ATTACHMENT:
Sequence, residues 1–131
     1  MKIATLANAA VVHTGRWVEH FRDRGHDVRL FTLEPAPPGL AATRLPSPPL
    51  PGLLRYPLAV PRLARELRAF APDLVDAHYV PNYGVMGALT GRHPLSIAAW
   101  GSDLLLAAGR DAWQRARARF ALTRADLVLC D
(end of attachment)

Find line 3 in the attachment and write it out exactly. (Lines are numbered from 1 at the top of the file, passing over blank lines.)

    51  PGLLRYPLAV PRLARELRAF APDLVDAHYV PNYGVMGALT GRHPLSIAAW